CONCORD, N.H. — As we forecasted last week, Gov. John Kasich’s return to New Hampshire brought a media deluge.
The New York Times was there to chronicle Kasich’s visit in a 1,500-plus word spread, with photos, on Page 1, noting that he “has succeeded, at least, in installing himself permanently in the grand drama of the (President Donald) Trump era.”
CSPAN covered the speech live.
CNN got special access: an interview with Dana Bash in the classic Red Arrow Diner in Manchester, where seats are labeled for famous people who sat in them during past visits, admission to a gathering of Kasich supporters in former attorney general Tom Rath’s office, and a ride-along between events, during which Kasich mused that his 2016 experience in the Granite State taught him “about the poetry of people.”
An especially astute observation from the cable TV piece, written in part by CNN’s 2016 Kasich embed Cassie Spodek: “It’s not that he doesn’t want to run for president. It’s just not clear what path he could or would take to do that in 2020.”
His “fireside chat” was a top story the next day in the state capital’s newspaper, the Concord Monitor, which also had an editorial — “Kasich is a thoughtful, intelligent, kinetic person who speaks with a volatile intensity” — and a column about how the Ohio governor is “ready to get back in the game.”
New Hampshire’s biggest TV station, WMUR, featured this takeaway quote from a supporter: “His candidacy (in 2016) wasn’t like a weekend fling that was forgotten. People are comfortable with him and (he) fits in here.”
A Fox affiliate landed an interview in which Kasich warned of bad tidings for the GOP in this year’s mid-term elections: “There’s going to be a wave coming here. It’s going to be a blue wave because voters are motivated.”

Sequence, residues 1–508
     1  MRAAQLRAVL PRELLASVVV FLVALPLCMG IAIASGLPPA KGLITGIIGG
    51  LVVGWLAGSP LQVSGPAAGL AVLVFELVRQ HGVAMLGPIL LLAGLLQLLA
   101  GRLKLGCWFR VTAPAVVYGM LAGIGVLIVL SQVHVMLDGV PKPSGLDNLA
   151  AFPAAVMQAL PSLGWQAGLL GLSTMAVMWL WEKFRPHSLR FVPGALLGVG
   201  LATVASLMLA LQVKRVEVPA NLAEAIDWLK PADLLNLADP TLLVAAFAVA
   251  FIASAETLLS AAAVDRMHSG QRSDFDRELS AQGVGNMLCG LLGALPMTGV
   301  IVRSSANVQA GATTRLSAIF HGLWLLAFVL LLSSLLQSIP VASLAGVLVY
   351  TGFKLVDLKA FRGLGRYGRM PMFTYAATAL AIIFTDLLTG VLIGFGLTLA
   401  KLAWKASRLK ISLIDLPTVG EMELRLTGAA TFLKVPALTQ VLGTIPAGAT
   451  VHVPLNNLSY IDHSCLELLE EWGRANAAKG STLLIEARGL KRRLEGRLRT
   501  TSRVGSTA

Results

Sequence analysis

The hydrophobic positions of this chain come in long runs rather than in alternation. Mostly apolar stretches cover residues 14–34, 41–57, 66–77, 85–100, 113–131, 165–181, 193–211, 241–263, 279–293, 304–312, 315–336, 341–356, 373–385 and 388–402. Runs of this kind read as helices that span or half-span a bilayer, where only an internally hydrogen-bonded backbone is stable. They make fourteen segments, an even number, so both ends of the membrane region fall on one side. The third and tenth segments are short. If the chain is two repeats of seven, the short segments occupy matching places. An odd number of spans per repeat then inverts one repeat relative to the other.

A Boston NBC affiliate, one of several other TV outlets covering Kasich, noted that he presented a sharp contrast to Trump’s policies.
NPR talked to a voter happy that Kasich already was visiting the nation’s first primary battleground: “If you don’t concern yourself too early, it could become too late really quick.”
The state’s biggest newspaper, the Union Leader, pointed out that former New Hampshire GOP Chair Jennifer Horn was among Republican leaders at Kasich’s talk.
Jessie Balmert of The Cincinnati Enquirer wrote from New Hampshire that “if Trump doesn’t run again, or if the president is plagued by scandal, or if Republicans clamor for an alternative, Kasich will be there, ready and waiting.” But in a separate piece, Balmert shares how one voter told her, “That man doesn’t have a shot.”
Kasich talked to his old buddy Henry Gomez of Buzzfeed, who used to work for cleveland.com, for a piece entitled “John Kasich Wants To Be The Candidate Of Millennials.” Gomez’s lead: “John Kasich still wants to be president. And he thinks he’s finally found an audience he can convert to his unusual brand of Republicanism.”
The Conservative Review was less than enthralled by Ohio’s governor, writing “Kasich’s big 2020 strategy: Move left, pretend to be hip, attack Trump — Gag.” Riffing off of Gomez’s piece, the article began: “John Kasich still wants to be president, and the failed 2016 candidate now thinks gun control, amnesty, his relationship with the ‘elites’ and millennial voters can take him to the White House. In other words, he’s delusional.”
A National Review columnist weighed in: “The two candidates typically bandied about as challengers to Trump — John Kasich and Jeff Flake — are not serious, and promoting them is a primal scream, not a plan.”
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